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San Sebastián: 5 Directions Public Film Funding is Heading in Europe

European fund heads discuss a growing new mindset for public policy

SAN SEBASTIAN — A new public film funding mindset is emerging in Europe. Moderated with brio by SampoMedia/Michael Gubbins, himself head of Wales Film Cymru, one of the U.K.’s biggest regional funds, a San Sebastian panel – The Bigger Picture: A Fresh Approach to Public Film Funding – set out some of its evolving priorities. The presence on the table of Eurimages’ Enrico Vannucci and Creative Europe’s Media Program head Lucía Recalde led a pan-European weight to discussion. Here are five major takeaways from a largely consensus debate:


A phrase first used by Recalde, suggesting room for collaboration between the E.U’s Media Program and Eurimages.

The concept of “de-siloing,” whether across national boundaries or sectors, was, however, approved by many of the panelists who also took in producers – Czech Artemio Benki, analysts – Ilse Schooneknaep at SMIT/Brussels Vrij U; – and, among other policy makers: Gubbins, the Wallonie-Brussels Federation’s Jeanne Brunfault and Bérénice Honold, at Germany’s FFA.

“We need to step back from cultural protectionism. Not only producers but also also film funds should share knowledge,” said Schooneknaep. The Wallonie-Brussels Center courts distributors’ opinions on projects, and thrashes out distribution strategies with producers, Brunfault said. Distributors boarding films at an early stage helps to bring a knowledge gap about its potential marketing, she added. For Gubbins, silo-policies targeting just one sector belong to an analogue world.


According to a 2016 European Audiovisual Observatory Report, over 2010-14, E.U. public.sector funds spent by far most money on theatrical film production, an average annual €902.9 million over the period. Development (€45.4 million), distribution (€123.9 million) and promotion (€71.9 million), arguably categories where national industries need funding most, paled in comparison.

That said, “public-sector intervention that really shows up on a screen has to happen at an early point of development,”  Gubbins argued.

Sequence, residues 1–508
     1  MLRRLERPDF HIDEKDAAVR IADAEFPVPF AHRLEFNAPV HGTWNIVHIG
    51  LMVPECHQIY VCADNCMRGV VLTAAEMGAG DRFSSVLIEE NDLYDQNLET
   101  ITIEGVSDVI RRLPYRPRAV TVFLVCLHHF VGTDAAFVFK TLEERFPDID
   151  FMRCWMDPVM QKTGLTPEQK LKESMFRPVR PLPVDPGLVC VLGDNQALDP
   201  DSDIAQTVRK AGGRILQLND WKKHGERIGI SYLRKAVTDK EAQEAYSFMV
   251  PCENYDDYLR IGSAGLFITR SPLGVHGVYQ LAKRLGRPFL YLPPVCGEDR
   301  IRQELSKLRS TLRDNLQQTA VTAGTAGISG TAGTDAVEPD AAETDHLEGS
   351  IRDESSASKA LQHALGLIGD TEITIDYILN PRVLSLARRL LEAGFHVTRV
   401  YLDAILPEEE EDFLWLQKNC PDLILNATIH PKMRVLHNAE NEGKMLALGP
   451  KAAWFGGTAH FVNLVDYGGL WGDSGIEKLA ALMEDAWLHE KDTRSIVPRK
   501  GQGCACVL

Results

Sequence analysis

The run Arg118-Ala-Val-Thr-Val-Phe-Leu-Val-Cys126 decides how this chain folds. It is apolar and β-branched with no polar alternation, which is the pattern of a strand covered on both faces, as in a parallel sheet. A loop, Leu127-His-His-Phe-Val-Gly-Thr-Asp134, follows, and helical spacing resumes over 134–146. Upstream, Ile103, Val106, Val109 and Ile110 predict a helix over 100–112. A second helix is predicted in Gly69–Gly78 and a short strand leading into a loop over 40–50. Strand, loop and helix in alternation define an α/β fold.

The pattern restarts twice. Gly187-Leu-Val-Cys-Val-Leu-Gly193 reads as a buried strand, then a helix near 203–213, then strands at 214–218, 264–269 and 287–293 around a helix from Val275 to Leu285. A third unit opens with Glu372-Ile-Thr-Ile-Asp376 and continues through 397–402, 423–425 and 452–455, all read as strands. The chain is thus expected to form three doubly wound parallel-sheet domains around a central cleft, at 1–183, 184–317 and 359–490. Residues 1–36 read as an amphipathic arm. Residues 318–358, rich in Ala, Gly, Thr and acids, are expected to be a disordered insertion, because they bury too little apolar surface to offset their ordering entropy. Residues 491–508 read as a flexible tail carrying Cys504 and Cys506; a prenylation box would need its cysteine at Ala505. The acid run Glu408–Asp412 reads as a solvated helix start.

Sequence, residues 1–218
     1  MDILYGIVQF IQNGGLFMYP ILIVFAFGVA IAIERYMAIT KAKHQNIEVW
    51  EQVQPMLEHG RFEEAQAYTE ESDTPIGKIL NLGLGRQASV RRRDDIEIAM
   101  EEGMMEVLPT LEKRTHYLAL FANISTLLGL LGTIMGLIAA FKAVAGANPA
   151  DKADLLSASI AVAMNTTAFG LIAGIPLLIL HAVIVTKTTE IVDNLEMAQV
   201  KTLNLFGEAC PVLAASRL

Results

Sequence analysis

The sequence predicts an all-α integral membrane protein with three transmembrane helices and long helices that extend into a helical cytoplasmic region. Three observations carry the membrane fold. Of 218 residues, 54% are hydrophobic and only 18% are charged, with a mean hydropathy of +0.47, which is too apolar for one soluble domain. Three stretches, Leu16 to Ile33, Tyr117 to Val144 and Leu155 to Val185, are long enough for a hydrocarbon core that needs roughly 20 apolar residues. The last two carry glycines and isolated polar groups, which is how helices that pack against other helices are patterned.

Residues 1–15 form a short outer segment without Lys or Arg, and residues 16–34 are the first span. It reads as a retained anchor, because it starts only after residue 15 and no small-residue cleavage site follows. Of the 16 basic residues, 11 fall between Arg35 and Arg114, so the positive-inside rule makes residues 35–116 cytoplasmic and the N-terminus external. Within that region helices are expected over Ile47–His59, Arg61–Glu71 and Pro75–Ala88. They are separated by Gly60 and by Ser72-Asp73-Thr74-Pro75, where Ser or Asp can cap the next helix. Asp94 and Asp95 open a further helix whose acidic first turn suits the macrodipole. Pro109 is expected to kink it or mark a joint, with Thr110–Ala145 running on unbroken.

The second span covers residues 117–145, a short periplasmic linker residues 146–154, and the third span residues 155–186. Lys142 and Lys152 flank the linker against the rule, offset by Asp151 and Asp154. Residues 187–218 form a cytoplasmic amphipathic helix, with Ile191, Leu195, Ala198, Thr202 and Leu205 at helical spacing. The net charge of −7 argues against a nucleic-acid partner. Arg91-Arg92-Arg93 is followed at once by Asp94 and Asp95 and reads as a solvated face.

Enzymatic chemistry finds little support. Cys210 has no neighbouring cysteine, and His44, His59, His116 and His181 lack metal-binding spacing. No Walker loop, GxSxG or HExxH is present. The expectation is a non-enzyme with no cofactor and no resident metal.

In moves in this direction, Germany’s FFA has added a second development fund this year. The Wallonie-Brussels Federation’s Cinema and Audiovisual Center was studying moving more money from production to development, Brunfault said.

“We would rather have more money for that and stop a bad project then get a bad product. You won’t go anywhere with an in-between film,” she added. Czech Republic film authorities are already focusing more on development and distribution, said Benki. A decade ago, his screenwriter would have had to wait tables or at least moonlighted in order to pay for writing time.


Funds in Europe and Latin American are focusing ever more on larger movies. Last year, the FFA decided Germany had “too many films and most of average quality,” said the FFA’s Honold.

“One strategy is to focus more on higher-budget productions. We try to give our money to less films, but films that can reach larger audiences,” she added, stressing that its remit is to focus on “economically successful films.” but a key question is where that leaves new talent, or smaller, auteur films. Refocusing allocations has already proved traumatic, in Spain for example, for much of an auteur-based industry. One question is whether this trauma will now spread.


Distributors’ knowledge is often lost, remains unused, Gubbins argued. The same could be said of data, Recalde added. “There is a wealth of data that could be useful for the whole value chain of the industry. Media could contribute to finding and sharing it,” she added, suggesting Europa Cinemas statistics could be one source.


For a European art house industry where the theatrical openings for all but a select number of star auteurs or big breakouts has contracted, originality and great screenwriting are two of the only things first-time or smaller films have got going for them. Singularity may imply producers taking risk, however. Putting distributor’s knowledge and experience to work in the early stages of a project may allow the film, by giving some sense of its risk, to be more, not less, adventurous, Gubbins argued. And, he added, you might just end up with a better film.

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